Acute metabolic brain changes following traumatic brain injury and their relevance to clinical severity and outcome

Silvia Marino, Ettore Zei, Marco Battaglini, Cesare Vittori, Antonella Buscalferri, Placido Bramanti, Antonio Federico, Nicola De Stefano

Research output: Contribution to journalArticlepeer-review

Abstract

Background: Conventional MRI can provide critical information for care of patients with traumatic brain injury (TBI), but MRI abnormalities rarely correlate to clinical severity and outcome. Previous magnetic resonance spectroscopy studies have reported clinically relevant brain metabolic changes in patients with TBI. However, these changes were often assessed a few to several days after the trauma, with a consequent variation of the metabolic pattern due to temporal changes. Methods: Proton magnetic resonance spectroscopic imaging ('H-MRSI) examinations were performed in 10 patients with TBI 48-72 h after the trauma, to obtain early measurements of central brain levels of N-acetylaspartate (NAA), choline (Cho), creatine (Cr) and lactate (La). Metabolite values were expressed as ratios to (1) a metabolic pattern, given by the sum of the resonance intensities of all metabolites detected in the same voxel and (2) intravoxel Cr. Results: NAA ratios were found to be significantly lower in patients with TBI than in normal controls. In contrast, Cho ratios were significantly higher in patients with TBI than in normal controls. Increased La levels were found in 5 of 10 patients with TBI. Both NAA and La values correlated closely with those of the Glasgow Coma Scale at presentation (r = 0.73 and -0.62, respectively; p1H-MRSI is performed early after the trauma and, at this stage, can represent a reliable index of injury severity and disease outcome in patients with TBI.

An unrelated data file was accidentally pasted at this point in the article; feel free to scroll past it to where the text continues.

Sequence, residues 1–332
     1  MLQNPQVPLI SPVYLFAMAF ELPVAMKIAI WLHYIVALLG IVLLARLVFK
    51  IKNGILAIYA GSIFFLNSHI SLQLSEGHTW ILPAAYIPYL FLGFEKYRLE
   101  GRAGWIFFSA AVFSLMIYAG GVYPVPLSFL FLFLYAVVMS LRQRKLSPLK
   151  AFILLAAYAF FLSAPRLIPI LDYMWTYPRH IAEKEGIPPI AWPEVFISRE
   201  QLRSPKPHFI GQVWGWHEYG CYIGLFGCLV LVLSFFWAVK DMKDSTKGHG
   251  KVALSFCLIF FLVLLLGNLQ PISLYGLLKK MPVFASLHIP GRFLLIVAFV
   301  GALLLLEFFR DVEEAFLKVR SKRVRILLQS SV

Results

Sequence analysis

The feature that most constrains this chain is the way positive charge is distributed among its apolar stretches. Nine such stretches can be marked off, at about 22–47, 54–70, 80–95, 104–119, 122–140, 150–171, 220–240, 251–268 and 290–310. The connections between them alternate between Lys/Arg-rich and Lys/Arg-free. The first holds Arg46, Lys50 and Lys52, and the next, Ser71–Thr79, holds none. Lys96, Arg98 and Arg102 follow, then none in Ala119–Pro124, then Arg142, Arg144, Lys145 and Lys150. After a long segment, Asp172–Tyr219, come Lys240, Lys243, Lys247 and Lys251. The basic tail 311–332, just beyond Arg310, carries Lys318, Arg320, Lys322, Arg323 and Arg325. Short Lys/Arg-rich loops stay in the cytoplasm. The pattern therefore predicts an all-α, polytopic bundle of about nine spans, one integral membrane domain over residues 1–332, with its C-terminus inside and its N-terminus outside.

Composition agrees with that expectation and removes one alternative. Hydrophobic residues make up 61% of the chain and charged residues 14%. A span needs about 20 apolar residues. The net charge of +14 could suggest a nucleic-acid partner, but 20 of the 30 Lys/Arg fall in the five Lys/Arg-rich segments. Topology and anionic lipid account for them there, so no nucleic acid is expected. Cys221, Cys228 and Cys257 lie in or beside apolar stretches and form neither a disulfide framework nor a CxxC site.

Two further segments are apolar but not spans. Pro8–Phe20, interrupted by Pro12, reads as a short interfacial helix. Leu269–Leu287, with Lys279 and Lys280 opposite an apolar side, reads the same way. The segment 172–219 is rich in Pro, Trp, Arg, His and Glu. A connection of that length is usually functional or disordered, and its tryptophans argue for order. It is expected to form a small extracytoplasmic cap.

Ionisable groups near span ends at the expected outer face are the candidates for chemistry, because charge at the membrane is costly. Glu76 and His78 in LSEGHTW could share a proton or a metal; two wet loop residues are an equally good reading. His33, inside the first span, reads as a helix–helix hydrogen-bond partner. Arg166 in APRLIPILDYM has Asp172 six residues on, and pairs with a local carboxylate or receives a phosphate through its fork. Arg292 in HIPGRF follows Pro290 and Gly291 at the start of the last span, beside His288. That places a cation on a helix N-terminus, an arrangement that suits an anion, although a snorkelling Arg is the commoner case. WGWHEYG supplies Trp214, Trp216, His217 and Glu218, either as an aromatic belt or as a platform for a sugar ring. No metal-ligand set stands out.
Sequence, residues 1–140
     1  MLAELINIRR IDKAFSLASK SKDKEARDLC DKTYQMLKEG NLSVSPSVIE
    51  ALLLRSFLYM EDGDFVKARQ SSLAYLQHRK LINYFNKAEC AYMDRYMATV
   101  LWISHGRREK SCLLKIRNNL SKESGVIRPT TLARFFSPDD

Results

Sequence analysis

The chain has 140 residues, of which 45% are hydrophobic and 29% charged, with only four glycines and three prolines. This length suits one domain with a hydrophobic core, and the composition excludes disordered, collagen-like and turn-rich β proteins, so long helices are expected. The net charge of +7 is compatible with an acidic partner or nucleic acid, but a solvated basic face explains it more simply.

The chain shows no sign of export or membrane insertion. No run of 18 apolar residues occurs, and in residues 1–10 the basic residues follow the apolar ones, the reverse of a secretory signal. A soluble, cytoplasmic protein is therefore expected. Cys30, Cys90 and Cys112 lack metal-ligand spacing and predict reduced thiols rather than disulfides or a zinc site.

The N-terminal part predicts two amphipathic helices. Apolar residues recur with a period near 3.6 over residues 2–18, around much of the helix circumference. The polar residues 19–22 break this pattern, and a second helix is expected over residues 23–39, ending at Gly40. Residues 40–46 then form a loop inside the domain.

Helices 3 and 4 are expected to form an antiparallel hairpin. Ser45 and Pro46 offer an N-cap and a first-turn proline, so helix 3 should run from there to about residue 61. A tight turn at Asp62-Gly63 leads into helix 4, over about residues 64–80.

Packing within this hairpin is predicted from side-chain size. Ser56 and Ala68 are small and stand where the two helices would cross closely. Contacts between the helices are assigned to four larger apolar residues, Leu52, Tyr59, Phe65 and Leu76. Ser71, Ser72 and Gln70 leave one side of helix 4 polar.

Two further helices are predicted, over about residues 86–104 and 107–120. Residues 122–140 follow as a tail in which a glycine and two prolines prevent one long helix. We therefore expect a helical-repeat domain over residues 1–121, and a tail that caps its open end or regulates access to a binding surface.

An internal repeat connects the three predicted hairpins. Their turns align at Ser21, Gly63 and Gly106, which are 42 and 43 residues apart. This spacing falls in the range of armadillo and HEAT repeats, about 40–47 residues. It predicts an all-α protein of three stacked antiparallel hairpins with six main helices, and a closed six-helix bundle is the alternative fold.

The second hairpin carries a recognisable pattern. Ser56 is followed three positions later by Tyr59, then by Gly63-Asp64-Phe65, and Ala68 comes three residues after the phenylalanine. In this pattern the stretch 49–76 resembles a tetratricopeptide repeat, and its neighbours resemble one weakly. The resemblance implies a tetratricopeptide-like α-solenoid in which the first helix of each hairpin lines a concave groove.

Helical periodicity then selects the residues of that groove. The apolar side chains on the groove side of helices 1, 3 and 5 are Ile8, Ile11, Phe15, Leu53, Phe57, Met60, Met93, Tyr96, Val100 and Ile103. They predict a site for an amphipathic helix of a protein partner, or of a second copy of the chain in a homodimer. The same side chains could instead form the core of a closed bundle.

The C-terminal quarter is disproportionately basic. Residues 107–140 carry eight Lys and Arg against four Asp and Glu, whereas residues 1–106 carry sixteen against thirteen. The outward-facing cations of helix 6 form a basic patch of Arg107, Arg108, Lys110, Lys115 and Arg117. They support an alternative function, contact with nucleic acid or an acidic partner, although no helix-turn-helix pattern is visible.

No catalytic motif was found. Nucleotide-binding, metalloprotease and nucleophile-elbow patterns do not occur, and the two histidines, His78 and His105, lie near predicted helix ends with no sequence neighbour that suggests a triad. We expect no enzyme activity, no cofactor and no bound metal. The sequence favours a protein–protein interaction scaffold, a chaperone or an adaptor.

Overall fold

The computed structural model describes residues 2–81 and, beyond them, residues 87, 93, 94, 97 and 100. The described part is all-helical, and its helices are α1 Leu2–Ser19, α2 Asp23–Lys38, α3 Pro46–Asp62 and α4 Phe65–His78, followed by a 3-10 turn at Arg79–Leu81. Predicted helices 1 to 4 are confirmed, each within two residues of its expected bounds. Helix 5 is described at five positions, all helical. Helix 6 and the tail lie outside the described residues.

Original languageEnglish
Pages (from-to)501-507
Number of pages7
JournalJournal of Neurology, Neurosurgery and Psychiatry
Volume78
Issue number5
DOIs
Publication statusPublished - May 2007

ASJC Scopus subject areas

  • Neuropsychology and Physiological Psychology
  • Neuroscience(all)
  • Psychiatry and Mental health
  • Medicine(all)

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